Songlines Across New Zealand
 
 
Recently I was asked to speak with someone who was starting to think seriously about a music career I felt the fact that I write about music I would not be the best to ask for advice but I thought instead of me giving the advice I would go around some Musicians in the industry and ask them ⅔ questions as seen below and following those are the responses I have had to date. Thank you to all those who took time out to respond to my questions 
 
1 when you were starting out in the local music industry what advice would you have liked to have been given 
2 what advice could you give these young musicians who are serious about getting into the industry 
 
(this was asked to Graeme Downes of the Verlaines who is a lecturer at Otago Uni3 what kind of programs/courses ( such as programs like Play It Strange and the courses offered at Otago Uni in the department of music) can you recommend for them to learn skills for writing music and songs 
1) No particular advice. I was able to start out pretty much because I was prepared for it by schooling and my own study. 
2) Lifelong learning. Lorde had read a thousand books by the age of 12. I hadn't read that many by the time I picked up a guitar for the first time at age 18 but I had read top notch literature—Hermann Hesse, Shakespeare, Yeats, T. S. Eliot, Baudelaire, Yevtushenko, Gunther Grass, even Nietzsche and Adorno. I was musically literate from playing oboe, violin and piano while at school, and I familiarized myself with almost everything of canonical status in classical music that I could access in the public library. When I started writing songs I had amassed a lot of ammunition to be able to do it.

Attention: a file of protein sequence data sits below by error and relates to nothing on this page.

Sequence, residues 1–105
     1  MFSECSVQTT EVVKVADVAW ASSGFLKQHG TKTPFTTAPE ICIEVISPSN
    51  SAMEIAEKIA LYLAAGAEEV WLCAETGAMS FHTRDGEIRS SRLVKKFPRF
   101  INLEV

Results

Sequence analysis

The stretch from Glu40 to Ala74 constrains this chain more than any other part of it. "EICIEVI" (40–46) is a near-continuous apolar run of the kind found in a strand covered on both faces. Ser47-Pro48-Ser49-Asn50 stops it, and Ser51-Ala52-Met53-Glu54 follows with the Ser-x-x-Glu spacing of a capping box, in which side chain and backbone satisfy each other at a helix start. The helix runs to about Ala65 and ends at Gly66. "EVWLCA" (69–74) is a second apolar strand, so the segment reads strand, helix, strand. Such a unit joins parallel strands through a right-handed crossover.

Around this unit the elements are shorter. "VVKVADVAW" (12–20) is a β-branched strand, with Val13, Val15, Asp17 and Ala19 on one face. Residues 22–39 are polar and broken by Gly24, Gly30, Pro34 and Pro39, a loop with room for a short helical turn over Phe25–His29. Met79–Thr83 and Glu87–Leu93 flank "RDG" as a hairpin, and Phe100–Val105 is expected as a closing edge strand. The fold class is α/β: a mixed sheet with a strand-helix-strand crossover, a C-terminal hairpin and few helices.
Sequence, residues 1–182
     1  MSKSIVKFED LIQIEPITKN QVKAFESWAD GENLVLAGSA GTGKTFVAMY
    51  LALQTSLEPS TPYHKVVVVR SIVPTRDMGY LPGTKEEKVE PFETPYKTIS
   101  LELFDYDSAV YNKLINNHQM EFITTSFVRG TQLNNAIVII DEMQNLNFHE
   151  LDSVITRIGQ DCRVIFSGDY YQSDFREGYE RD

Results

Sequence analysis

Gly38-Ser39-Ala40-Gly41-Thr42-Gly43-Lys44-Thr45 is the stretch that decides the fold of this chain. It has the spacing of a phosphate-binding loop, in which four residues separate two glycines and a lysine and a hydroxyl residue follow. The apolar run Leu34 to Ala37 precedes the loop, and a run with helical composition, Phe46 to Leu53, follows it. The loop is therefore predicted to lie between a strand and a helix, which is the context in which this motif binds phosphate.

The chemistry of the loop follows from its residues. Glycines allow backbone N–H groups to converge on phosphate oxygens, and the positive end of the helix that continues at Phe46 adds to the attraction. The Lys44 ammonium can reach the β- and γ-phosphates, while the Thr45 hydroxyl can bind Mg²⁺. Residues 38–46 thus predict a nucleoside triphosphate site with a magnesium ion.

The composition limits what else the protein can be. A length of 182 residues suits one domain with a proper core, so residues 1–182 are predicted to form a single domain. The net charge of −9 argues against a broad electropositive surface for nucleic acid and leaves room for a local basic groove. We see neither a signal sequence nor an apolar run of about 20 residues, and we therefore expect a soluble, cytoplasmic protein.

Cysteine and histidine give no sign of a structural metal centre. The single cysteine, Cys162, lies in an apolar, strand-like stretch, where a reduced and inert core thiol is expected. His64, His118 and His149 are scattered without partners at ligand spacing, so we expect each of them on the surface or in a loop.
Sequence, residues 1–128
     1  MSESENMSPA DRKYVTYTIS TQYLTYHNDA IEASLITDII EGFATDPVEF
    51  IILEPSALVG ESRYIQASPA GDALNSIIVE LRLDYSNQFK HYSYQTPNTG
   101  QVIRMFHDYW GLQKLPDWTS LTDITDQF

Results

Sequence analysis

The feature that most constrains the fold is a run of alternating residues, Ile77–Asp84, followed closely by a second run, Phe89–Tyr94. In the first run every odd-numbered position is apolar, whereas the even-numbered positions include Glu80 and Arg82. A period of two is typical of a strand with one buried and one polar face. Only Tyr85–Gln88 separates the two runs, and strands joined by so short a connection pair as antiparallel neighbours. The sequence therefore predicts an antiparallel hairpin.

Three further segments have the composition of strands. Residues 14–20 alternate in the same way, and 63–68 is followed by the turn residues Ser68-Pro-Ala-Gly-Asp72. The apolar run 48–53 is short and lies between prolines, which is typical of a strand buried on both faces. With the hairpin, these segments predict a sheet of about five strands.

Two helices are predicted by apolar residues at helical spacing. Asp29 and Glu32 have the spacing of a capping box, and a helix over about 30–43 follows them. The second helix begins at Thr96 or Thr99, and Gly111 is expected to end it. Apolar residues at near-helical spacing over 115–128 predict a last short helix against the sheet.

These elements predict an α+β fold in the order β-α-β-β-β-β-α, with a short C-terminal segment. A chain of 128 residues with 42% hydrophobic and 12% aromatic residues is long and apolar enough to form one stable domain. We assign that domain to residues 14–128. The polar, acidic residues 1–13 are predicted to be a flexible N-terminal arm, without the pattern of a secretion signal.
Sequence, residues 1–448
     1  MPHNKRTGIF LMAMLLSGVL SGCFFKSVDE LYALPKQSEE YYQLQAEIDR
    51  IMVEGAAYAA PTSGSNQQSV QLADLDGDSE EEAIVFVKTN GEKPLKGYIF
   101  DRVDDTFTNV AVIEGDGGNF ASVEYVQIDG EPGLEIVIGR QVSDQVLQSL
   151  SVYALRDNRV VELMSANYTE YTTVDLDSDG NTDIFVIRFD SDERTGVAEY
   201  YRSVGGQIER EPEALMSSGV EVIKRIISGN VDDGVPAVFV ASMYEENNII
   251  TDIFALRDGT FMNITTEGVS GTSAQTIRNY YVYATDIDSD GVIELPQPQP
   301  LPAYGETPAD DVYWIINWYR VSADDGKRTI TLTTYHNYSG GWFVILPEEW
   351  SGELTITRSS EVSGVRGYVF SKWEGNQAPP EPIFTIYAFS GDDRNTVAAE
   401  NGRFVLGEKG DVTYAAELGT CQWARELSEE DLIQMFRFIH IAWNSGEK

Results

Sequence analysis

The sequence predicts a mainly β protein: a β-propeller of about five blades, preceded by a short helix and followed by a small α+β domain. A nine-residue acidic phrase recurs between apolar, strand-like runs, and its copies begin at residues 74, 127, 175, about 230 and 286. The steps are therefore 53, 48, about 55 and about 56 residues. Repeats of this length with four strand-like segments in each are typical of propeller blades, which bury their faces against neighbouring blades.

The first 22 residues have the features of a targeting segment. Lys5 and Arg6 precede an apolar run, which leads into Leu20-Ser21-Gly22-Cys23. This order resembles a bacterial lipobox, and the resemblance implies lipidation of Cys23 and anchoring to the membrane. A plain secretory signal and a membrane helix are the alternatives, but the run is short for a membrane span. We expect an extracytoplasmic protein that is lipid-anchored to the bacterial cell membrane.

3)PIS is great, smoke free rock quest is great, the Uni of Otago programme is excellent as are others. It is important to realize however that there are limits to what education can provide. You have to be inquisitive as to what makes life tick and this includes difficult and problematic aspects of it. This takes courage and that can't be taught. “ Graeme Downes The Verlaines, Lecturer Otago Uni